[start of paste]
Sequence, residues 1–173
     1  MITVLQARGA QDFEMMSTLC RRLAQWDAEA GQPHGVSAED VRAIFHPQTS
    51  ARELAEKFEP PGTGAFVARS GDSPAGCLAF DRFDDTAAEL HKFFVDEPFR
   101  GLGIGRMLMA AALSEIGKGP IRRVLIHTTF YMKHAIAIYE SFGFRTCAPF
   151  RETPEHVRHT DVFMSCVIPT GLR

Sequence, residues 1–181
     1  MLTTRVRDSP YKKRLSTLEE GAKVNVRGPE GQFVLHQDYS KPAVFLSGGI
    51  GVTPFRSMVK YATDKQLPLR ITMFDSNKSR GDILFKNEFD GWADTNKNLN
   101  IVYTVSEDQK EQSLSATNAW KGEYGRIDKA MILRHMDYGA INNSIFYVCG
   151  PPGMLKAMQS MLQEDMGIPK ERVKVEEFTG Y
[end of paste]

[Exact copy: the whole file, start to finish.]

Sequence, residues 1–173
     1  MITVLQARGA QDFEMMSTLC RRLAQWDAEA GQPHGVSAED VRAIFHPQTS
    51  ARELAEKFEP PGTGAFVARS GDSPAGCLAF DRFDDTAAEL HKFFVDEPFR
   101  GLGIGRMLMA AALSEIGKGP IRRVLIHTTF YMKHAIAIYE SFGFRTCAPF
   151  RETPEHVRHT DVFMSCVIPT GLR

Sequence, residues 1–181
     1  MLTTRVRDSP YKKRLSTLEE GAKVNVRGPE GQFVLHQDYS KPAVFLSGGI
    51  GVTPFRSMVK YATDKQLPLR ITMFDSNKSR GDILFKNEFD GWADTNKNLN
   101  IVYTVSEDQK EQSLSATNAW KGEYGRIDKA MILRHMDYGA INNSIFYVCG
   151  PPGMLKAMQS MLQEDMGIPK ERVKVEEFTG Y